Turnout for the Women's March on Washington and its sister marches around the world may have been even greater than we initially thought: According to FiveThirtyEight, the total number of marchers in the United States alone was likely close to 3.2 million, making this one of the largest mass protests in American history.
Interestingly but perhaps not surprisingly, attendance for the protests followed the same geographic trends seen in the 2016 election results—about 80 percent of the march attendees were in states that Hillary Clinton won.
Pinning down exact numbers for events like the women's marches is almost impossible, but FiveThirtyEight offered backup for its estimates, including sourcing for the raw data and a percentage discount for data that came from potentially biased or exaggerated sources. Numbers provided by event organizers, for example, were discounted by 40 percent.
The biggest marches took place in D.C., Los Angeles, and New York City. The events in these cities also featured performances and speeches by celebrities and well-known feminist figures, including a particularly moving speech by Gloria Steinem in Washington, D.C.:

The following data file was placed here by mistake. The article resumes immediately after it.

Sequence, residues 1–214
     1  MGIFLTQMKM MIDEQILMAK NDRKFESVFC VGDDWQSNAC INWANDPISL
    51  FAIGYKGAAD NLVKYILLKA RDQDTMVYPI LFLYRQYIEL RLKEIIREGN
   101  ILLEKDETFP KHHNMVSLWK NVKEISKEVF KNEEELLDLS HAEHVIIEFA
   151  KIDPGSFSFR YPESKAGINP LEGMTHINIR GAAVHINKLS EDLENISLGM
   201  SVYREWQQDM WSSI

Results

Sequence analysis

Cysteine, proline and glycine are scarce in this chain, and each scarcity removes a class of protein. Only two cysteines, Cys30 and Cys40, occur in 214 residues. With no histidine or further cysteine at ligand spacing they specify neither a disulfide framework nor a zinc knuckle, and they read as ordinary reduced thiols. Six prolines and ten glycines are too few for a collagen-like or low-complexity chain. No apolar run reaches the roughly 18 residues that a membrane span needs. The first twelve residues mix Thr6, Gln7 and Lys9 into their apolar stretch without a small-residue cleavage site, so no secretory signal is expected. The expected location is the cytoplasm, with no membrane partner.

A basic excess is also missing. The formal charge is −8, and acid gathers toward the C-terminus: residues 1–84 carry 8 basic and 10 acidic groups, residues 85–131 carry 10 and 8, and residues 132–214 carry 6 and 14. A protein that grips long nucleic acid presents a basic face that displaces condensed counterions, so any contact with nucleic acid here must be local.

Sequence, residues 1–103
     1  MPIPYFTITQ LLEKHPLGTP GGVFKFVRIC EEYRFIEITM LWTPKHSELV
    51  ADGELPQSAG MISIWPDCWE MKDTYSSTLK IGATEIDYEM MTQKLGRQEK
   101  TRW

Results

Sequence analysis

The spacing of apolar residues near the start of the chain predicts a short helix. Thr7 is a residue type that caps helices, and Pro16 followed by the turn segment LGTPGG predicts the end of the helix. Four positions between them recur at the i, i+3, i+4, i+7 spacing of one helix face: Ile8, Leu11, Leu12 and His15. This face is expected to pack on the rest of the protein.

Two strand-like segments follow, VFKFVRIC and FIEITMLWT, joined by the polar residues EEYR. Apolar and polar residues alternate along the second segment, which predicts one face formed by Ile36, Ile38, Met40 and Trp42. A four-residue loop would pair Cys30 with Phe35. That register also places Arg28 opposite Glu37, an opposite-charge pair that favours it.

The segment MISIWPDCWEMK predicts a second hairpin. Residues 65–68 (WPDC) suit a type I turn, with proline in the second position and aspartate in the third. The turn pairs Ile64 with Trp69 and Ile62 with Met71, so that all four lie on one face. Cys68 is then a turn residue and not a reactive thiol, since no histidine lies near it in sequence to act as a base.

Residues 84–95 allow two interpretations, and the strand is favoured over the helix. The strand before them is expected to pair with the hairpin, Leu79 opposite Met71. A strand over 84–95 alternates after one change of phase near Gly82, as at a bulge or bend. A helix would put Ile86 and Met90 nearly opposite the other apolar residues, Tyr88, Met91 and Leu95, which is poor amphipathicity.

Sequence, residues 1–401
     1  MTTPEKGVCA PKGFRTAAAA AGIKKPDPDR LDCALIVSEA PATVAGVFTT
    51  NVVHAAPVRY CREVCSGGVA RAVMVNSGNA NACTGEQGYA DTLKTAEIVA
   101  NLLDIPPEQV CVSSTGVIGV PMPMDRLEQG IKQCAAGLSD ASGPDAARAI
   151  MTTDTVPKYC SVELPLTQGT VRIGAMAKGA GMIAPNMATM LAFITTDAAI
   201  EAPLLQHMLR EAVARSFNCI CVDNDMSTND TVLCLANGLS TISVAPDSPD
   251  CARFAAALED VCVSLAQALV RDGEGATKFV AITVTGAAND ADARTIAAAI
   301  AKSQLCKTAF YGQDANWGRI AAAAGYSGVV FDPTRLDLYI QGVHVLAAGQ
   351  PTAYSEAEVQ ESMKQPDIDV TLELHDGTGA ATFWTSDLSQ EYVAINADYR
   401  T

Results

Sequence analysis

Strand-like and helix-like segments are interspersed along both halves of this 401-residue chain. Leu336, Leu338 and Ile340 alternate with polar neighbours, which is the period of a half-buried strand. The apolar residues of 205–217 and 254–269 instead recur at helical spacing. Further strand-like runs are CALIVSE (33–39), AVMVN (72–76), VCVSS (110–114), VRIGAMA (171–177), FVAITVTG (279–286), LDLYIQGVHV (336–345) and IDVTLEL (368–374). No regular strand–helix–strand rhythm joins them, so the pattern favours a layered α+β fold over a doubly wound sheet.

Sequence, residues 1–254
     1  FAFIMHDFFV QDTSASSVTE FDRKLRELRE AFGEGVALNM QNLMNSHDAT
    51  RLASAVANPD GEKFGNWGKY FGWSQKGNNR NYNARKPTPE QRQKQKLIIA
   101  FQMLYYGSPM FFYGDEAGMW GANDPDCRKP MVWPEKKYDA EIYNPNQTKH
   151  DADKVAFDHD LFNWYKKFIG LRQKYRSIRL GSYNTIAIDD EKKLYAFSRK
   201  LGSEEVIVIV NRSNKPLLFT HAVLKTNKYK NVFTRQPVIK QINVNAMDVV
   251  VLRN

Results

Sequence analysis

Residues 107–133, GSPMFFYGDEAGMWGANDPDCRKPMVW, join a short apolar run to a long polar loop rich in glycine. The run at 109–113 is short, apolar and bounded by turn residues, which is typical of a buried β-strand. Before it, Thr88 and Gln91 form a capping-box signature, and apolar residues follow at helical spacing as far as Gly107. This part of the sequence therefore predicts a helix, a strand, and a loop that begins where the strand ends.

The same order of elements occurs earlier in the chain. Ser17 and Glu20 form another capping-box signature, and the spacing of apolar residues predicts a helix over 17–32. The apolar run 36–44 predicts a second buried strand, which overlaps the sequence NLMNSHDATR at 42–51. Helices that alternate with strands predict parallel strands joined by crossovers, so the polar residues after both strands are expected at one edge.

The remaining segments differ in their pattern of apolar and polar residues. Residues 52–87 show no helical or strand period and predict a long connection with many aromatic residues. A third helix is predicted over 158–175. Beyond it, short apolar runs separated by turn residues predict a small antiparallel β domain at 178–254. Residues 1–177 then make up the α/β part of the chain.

The Women's March has drawn comparisons to the Tea Party rallies in 2009. But using similar techniques, FiveThirtyEight estimates that those rallies drew just 310,000 participants across 350 cities.
The high turnout for the women's marches is encouraging at a time when a lot of Americans (both women and men) need to feel encouraged about the political future. The next step? Maintaining that momentum from here on out.
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Kayleigh Roberts is the weekend editor at Marie Claire, covering celebrity and entertainment news, from actual royals like Kate Middleton and Meghan Markle to Hollywood royalty, like Katie Holmes and Chrissy Teigen. She’s a Ravenclaw who would do great things in Slytherin. To learn more about her, google “Leslie Knope eating salad GIF.
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